Around noon on January 15, 1919, a group of firefighters was playing cards in Boston's North End when they heard a tremendous crash. A 50-foot-tall steel tank filled with 2.3 million gallons of molasses had just collapsed on Boston's waterfront, disgorging its contents as a 15-foot-high wave of molasses that at its outset traveled at 35 miles an hour. It demolished wooden homes, even the brick fire station. The number of dead wasn't known for days. It would be years before a landmark court battle determined who was responsible for the disaster.
Genre: Nonfiction; History
by Erik Larson
September 8, 1900, began innocently in the seaside town of Galveston, Texas. Even Isaac Cline, resident meteorologist for the U.S. Weather Bureau failed to grasp the true meaning of the strange deep-sea swells and peculiar winds that greeted the city that morning. Mere hours later, Galveston found itself submerged in a monster hurricane that completely destroyed the town and killed over six thousand people in what remains the greatest natural disaster in American history.
Genre: Nonfiction; History
Similar: The Johnstown Flood (David McCullough)
Fates and Furies
by Lauren Groff
Every story has two sides. Every relationship has two perspectives. And sometimes, it turns out, the key to a great marriage is not its truths but its secrets. At the core of this rich, expansive, layered novel, Lauren Groff presents the story of one such marriage over the course of twenty-four years. At age twenty-two, Lotto and Mathilde are tall, glamorous, madly in love, and destined for greatness. A decade later, their marriage is still the envy of their friends, but with an electric thrill we understand that things are even more complicated and remarkable than they have seemed.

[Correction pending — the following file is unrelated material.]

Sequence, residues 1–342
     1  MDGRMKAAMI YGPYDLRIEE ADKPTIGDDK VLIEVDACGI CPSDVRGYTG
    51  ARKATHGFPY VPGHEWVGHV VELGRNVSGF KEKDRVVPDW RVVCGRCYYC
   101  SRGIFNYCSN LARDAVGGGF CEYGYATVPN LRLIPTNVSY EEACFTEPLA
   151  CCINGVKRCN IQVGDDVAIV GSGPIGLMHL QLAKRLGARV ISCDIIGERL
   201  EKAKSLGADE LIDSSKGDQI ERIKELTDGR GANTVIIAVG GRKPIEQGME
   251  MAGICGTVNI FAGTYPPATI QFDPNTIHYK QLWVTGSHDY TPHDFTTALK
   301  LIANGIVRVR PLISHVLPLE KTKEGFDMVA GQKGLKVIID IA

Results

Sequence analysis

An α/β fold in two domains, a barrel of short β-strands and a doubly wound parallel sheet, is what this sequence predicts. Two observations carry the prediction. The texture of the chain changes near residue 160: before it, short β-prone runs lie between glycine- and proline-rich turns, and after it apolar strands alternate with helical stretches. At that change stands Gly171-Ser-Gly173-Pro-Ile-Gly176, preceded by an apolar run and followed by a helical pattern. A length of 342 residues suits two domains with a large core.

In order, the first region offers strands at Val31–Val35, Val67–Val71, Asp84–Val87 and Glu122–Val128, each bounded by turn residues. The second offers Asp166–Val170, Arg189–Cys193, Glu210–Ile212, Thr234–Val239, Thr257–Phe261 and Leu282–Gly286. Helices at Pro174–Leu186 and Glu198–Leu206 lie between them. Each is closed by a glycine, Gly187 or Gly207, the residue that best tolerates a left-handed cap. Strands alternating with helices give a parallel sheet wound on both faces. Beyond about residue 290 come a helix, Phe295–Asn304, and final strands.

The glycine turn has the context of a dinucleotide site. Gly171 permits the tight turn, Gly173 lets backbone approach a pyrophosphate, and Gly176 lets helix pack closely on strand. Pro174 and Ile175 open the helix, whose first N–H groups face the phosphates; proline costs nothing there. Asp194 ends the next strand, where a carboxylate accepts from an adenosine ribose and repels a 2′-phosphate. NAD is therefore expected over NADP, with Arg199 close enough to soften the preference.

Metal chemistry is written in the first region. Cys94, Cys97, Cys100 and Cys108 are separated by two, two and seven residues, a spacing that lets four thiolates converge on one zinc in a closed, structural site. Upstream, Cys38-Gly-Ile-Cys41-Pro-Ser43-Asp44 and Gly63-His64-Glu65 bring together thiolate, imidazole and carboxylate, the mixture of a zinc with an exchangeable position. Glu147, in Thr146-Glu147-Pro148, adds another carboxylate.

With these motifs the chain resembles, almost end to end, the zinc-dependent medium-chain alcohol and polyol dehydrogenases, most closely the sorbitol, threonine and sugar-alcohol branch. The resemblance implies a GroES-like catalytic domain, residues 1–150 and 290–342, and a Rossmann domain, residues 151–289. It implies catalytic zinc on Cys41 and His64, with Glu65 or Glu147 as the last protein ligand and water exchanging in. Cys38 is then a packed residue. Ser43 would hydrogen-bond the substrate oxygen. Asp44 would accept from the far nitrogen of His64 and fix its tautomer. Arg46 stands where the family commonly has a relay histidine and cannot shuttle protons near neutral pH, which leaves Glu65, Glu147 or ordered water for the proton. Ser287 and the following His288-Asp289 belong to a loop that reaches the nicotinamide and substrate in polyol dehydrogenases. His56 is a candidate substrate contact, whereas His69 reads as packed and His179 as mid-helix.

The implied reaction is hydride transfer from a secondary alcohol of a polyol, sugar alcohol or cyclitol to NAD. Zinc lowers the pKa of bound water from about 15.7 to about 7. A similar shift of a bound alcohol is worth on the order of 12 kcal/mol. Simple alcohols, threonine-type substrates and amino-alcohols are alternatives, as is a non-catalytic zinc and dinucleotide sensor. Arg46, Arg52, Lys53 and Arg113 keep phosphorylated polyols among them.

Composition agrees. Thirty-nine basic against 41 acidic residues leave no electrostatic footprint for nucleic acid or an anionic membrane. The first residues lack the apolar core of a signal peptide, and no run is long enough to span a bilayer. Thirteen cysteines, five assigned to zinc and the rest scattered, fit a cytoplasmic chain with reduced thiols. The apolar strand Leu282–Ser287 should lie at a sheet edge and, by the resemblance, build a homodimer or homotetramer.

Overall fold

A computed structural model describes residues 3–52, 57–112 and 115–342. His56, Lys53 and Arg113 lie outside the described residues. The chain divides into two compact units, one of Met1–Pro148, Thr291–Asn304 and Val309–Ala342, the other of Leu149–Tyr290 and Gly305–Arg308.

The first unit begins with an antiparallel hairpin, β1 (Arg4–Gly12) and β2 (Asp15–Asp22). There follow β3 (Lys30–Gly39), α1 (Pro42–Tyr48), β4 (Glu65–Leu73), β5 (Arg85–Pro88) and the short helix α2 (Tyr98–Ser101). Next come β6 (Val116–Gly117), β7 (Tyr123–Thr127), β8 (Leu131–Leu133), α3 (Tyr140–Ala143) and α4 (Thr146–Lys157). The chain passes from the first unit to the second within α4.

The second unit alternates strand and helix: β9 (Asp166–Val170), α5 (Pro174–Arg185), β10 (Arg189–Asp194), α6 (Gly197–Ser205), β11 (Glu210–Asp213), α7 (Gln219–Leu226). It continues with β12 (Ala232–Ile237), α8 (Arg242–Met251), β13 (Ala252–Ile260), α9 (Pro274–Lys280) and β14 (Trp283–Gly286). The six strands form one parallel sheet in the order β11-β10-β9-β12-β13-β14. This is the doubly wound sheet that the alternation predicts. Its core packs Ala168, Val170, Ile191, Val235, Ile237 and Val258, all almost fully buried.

Genre: Domestic Fiction; Literary Fiction
Similar: A House Among the Trees (Julia Glass)
A Red Herring Without Mustard
by Alan Bradley
Flavia had asked the old Gypsy woman to tell her fortune, but never expected to stumble across the poor soul, bludgeoned in the wee hours in her own caravan. Was this an act of retribution by those convinced that the soothsayer had abducted a local child years ago? Certainly Flavia understands the bliss of settling scores; revenge is a delightful pastime when one has two odious older sisters. But how could this crime be connected to the missing baby? Had it something to do with the weird sect who met at the river to practice their secret rites? While still pondering the possibilities, Flavia stumbles upon another corpse--that of a notorious layabout who had been caught prowling about the de Luce's drawing room. As the red herrings pile up, Flavia must sort through clues fishy and foul to untangle dark deeds and dangerous secrets.